wide windows and doors to the real African market, beginning with the formidable
Economic Community of West African States (ECOWAS) regional market.

“Today, for instance, Nigeria offers Russia the advantage of that cheap and robust
labour. Given Russia’s recent experience of sanctions by America and its Western
allies, a new model of doing business with Africa through investment has become
not only sustainable but also imperative.” This was argued by Professor Shehu
Abdullai Yibaikwal, Ambassador Extraordinary and Plenipotentiary of the Federal
Republic of Nigeria, with concurrent accreditation to the Republic of Belarus. In
his academic lecture at the Diplomatic Academy of the Russian Federation,
perhaps one of the sectors where this model of doing business can be symbiotically
harnessed is the field of agriculture and its value chain as a result of the steep rise
in the large African market and the projected certainty of huge returns on
investment in this sector.

Russia has expressed deep interest in Nigeria, highly pledging to build nuclear
power plants, petroleum pipelines, railways and infrastructure. Unfortunately,
these corporate plans have not been realized; Russia sees instability or neo-

colonialism as factors impeding its investment. Then there are also the project
financing and legal aspects that must be mutually resolved.

Our part is to ensure sustainability by making partnerships more reliable,
workable and long-termed. We still have skyline hope and optimism for building
back better relations between the two countries, and most importantly within the
context of the Declaration “On the Principles of Friendly Relations and
Partnership between the Russian Federation and the Federal Republic of Nigeria”
signed as far back in 2001, and the multilateral cooperation that was signed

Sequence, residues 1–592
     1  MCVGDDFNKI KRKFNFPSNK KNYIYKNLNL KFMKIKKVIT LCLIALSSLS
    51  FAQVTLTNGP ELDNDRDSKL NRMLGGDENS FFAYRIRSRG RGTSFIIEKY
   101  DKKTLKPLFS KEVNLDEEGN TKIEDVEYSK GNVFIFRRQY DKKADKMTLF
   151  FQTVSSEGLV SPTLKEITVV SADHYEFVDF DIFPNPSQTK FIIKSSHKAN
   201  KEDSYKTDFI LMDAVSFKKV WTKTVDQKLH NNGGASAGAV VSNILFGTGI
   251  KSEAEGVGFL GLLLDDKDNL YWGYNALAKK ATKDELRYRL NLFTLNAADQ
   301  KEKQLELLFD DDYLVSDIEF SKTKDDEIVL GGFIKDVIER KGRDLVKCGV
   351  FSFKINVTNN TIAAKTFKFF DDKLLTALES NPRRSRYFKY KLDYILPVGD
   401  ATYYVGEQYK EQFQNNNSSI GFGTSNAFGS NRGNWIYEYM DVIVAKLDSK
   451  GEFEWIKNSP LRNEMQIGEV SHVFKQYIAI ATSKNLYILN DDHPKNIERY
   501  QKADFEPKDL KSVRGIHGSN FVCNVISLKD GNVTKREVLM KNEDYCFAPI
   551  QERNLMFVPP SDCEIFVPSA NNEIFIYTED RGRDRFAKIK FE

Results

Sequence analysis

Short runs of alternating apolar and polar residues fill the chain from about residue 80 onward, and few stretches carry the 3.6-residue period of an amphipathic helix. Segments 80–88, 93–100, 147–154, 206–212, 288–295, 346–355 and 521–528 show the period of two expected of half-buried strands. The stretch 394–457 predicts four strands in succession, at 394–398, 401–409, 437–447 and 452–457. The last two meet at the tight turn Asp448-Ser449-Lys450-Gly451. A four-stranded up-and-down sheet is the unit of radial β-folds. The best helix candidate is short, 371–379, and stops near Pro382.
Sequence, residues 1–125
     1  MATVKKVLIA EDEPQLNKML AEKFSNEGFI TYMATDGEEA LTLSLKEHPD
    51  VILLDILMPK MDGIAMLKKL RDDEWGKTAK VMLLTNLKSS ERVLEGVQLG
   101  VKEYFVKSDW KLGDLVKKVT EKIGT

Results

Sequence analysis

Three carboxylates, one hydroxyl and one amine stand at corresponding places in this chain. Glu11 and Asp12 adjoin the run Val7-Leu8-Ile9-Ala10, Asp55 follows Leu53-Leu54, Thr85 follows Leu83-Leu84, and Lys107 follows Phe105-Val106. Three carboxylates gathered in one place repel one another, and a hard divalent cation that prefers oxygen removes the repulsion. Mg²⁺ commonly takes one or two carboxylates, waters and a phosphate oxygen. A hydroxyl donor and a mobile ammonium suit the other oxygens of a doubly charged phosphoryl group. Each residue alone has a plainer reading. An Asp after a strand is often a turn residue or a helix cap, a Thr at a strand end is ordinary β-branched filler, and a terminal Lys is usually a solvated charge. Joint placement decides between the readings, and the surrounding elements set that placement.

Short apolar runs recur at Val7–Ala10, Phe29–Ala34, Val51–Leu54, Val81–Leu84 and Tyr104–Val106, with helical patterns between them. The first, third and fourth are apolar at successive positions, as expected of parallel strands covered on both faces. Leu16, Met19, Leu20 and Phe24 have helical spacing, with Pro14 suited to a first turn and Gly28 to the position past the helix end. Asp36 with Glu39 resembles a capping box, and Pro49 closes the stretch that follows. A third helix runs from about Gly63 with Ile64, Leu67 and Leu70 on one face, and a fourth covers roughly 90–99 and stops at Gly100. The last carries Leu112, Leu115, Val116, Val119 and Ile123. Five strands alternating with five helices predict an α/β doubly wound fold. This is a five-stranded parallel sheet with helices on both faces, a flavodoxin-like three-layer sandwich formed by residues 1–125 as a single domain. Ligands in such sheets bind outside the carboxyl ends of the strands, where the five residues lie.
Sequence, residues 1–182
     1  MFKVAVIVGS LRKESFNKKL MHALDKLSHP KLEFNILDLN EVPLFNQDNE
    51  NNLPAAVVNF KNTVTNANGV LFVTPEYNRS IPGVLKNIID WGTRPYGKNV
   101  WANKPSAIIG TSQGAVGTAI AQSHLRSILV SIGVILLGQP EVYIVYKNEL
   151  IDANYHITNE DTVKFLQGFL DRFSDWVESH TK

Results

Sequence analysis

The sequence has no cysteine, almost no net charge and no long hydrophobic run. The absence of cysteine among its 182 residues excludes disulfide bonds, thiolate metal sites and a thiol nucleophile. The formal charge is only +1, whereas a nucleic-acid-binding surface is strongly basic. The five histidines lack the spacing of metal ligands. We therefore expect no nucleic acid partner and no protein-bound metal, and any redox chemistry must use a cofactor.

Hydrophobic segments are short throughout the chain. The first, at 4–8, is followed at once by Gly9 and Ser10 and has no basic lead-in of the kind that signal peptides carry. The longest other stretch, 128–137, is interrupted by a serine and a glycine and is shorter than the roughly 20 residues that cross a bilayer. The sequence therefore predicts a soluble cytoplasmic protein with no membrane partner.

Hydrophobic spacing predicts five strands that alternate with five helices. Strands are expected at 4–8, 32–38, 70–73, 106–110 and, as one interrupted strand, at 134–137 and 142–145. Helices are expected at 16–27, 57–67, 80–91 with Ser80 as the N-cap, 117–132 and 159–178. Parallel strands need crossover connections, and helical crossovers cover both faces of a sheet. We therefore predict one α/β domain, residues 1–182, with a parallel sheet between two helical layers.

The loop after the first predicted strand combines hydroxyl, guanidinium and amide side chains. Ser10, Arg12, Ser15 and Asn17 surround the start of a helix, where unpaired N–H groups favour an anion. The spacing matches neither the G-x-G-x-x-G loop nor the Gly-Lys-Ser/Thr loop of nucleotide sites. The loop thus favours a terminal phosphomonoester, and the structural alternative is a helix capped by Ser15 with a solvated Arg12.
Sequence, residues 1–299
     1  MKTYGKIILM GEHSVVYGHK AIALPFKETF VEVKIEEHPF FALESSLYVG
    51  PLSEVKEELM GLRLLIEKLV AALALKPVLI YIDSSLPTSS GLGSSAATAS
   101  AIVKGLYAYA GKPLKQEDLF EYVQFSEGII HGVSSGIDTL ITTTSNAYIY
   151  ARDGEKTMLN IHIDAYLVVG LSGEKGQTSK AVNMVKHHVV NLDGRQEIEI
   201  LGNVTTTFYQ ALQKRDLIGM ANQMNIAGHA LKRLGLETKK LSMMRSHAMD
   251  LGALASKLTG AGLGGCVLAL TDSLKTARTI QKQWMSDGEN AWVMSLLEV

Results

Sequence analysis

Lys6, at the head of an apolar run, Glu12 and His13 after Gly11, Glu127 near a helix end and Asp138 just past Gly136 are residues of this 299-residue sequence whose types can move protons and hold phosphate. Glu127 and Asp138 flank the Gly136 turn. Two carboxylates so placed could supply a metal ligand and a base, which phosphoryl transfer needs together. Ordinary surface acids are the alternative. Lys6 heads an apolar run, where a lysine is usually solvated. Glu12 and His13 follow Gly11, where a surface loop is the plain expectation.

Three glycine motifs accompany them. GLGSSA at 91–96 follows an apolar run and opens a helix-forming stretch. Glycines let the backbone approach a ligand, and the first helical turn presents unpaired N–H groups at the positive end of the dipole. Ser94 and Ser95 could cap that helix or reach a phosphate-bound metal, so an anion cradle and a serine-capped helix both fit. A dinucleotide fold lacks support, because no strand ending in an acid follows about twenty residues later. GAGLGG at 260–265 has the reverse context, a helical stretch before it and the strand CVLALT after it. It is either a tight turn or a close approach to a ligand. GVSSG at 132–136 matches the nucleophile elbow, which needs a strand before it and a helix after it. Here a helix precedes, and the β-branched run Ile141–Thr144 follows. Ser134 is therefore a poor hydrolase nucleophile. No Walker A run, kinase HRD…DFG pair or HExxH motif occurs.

between Russia and Nigeria by both leaders at the first Russia-Africa Summit held
in Sochi. The forthcoming second summit in July 2023 also signals Russia’s
practical preparedness and commitment to work based on a single rule book for
trade and investment and towards sustainable development growth across Africa.

To finalize this article, we should refer to the quote by Egyptian President Abdel
Fattah el-Sisi, Chairperson of the African Union (AU) in 2019 and co-chair of the
first Russia-Africa Summit: “Our declaration has reaffirmed the goals of Agenda
2063 and the 2030 Agenda for Sustainable Development. We have approved a
ministerial mechanism for promoting dialogue and partnership. We appreciate all
these moves and believe they have created a solid foundation for further
developing Russian-African relations.” Aware of this common responsibility, the
Russian and African sides will continue coordinating their efforts to monitor the
implementation of the documents adopted at the summit. This meets the desires
and aspirations of African states and the Russian Federation.

By Professor Maurice Okoli is a fellow at the Institute for African Studies and the
Institute of World Economy and International Relations, Russian Academy of
Sciences. He is also a fellow at the North-Eastern Federal University in Russia.

 

Source: Professor Maurice Okoli| Contributor